For a very funny movie, with that sweet touch of romance  perfect for Valentine’s Day, seek out The Bachelor and The Bobby-Soxer.  Turner Classics will be airing it on Sunday, March 9th at 12:45 EST/11:45 pm CST as part of their 8 film tribute to the movie career of Shirley Temple, who passed away recently on February 10th.  Here is a link to TCM’s site about the  planned tribute to Shirley Temple and the other films that will be shown.

The Bachelor and The Bobby-Soxer is available to buy at TCM, at Amazon(which also has it out for instant rent), and it’s available on Netflix.  I’ll close this post out with some fun posed stills for the movie’s made by RKO’s publicity department.  TBATBS screen pose 1TBATBS screen pose 3TBATBS screen pose 4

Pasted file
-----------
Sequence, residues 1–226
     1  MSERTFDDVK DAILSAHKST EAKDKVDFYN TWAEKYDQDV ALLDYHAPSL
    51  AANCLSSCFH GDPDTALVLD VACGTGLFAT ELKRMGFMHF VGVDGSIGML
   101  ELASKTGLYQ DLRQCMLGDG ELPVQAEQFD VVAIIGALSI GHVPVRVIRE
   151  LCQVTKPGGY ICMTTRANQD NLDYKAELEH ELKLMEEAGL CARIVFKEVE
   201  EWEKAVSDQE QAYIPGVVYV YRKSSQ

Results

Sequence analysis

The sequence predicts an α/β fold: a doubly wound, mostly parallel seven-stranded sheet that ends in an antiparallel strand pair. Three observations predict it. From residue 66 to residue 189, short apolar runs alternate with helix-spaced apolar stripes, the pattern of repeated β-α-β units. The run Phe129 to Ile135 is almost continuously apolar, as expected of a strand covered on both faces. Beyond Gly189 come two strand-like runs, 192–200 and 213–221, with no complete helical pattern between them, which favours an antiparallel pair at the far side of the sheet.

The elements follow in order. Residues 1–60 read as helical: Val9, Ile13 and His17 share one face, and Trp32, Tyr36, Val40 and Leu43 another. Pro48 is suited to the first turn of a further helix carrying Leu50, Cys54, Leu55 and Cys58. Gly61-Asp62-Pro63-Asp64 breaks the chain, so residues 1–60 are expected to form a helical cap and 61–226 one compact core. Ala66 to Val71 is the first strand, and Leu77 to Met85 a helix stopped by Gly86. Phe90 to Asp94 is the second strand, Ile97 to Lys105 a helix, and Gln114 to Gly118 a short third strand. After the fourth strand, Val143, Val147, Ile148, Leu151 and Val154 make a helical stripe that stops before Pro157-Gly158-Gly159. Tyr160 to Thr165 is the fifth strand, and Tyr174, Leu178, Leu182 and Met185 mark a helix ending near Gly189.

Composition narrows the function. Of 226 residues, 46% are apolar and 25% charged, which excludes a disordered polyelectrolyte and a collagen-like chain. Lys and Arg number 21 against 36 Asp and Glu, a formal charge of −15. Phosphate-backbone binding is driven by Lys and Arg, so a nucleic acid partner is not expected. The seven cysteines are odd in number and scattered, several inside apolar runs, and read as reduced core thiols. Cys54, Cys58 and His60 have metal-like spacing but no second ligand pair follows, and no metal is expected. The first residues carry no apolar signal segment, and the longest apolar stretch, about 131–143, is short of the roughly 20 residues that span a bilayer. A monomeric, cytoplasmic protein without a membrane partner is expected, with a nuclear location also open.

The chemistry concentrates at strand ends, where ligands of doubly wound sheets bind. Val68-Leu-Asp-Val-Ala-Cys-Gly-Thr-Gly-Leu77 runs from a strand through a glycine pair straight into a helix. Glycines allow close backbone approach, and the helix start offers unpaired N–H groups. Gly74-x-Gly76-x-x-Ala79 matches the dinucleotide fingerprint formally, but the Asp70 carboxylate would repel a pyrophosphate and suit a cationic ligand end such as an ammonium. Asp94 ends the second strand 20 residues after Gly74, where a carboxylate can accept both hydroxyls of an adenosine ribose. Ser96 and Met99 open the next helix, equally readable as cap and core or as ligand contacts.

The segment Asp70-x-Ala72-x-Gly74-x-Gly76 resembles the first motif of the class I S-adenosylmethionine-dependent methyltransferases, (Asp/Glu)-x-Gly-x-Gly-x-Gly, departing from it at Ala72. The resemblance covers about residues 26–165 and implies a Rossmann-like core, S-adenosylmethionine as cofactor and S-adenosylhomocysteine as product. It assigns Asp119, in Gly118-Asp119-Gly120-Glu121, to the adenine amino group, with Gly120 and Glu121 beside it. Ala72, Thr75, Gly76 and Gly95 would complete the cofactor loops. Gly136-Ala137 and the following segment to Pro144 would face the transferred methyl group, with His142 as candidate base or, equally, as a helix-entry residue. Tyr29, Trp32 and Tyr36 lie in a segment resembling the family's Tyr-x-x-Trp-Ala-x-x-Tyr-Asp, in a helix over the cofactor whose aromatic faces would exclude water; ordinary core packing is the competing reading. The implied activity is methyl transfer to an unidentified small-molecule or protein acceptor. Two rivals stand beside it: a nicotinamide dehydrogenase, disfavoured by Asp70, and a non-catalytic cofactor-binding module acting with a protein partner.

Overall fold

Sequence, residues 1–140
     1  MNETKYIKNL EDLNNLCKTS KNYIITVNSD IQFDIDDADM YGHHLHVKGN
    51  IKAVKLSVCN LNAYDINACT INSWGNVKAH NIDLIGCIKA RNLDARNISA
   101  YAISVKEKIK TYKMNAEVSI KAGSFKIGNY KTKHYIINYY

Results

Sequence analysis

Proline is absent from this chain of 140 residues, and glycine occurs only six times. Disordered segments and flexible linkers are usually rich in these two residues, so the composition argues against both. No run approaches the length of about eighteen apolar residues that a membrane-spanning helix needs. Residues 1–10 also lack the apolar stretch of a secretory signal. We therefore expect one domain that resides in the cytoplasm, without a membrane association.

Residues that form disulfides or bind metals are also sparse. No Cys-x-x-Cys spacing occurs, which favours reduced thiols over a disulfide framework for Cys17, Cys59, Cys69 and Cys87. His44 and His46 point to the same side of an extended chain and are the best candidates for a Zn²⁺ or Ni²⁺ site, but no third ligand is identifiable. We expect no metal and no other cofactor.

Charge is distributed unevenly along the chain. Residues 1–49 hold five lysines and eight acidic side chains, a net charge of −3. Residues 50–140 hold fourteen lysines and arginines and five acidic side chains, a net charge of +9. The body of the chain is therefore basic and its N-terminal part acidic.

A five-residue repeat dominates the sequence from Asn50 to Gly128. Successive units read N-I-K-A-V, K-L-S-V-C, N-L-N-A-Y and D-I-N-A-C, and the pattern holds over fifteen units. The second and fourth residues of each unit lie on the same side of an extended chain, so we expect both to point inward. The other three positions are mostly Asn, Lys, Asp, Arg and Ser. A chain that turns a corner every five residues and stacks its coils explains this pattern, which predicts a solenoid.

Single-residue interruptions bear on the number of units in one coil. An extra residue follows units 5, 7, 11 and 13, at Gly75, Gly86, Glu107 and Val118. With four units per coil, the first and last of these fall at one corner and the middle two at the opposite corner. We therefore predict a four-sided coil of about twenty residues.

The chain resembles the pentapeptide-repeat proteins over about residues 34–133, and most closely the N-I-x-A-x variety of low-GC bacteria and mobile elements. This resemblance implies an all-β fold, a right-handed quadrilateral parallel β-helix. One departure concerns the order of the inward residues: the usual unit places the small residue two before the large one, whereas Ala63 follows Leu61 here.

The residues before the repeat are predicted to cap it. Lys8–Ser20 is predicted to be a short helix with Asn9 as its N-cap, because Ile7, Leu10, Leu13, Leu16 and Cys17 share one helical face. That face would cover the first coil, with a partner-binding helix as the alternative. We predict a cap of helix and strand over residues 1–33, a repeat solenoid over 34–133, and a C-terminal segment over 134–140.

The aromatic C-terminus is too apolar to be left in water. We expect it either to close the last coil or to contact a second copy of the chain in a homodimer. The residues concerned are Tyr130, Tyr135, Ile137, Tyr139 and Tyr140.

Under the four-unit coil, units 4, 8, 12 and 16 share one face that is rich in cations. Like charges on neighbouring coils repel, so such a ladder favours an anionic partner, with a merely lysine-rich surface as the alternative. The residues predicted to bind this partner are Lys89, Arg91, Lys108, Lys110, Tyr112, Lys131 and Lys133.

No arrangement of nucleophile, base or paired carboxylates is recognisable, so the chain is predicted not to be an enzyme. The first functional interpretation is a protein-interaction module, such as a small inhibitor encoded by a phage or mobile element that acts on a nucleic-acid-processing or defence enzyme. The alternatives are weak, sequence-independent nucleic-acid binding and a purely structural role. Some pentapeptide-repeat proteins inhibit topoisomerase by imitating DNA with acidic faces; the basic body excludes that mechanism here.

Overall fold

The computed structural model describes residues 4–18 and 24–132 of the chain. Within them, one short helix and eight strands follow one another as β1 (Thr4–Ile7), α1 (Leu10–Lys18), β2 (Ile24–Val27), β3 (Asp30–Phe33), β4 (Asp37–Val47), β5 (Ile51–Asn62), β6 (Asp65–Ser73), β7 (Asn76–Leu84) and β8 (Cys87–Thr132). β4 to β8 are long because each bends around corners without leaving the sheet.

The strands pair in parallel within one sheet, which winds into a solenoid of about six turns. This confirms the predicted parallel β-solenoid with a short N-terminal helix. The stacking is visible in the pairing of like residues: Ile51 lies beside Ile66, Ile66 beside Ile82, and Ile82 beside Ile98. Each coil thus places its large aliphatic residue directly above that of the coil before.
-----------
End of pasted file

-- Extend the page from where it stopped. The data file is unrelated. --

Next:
My Classic Movie Pick: The Spiral Staircase

I enjoy suspense movies and not the slash and gore films that seem so popular with the younger generations.  I like a suspense film that doesn’t show all of  the violence or the evildoer immediately,  but simply hints at the fact that something bad is going to happen or is happening.  Of course, the suspense films I like also have a  good triumphs over  evil ending and the main character, who has been in danger, will now be safe.The Spiral Staircase opening shot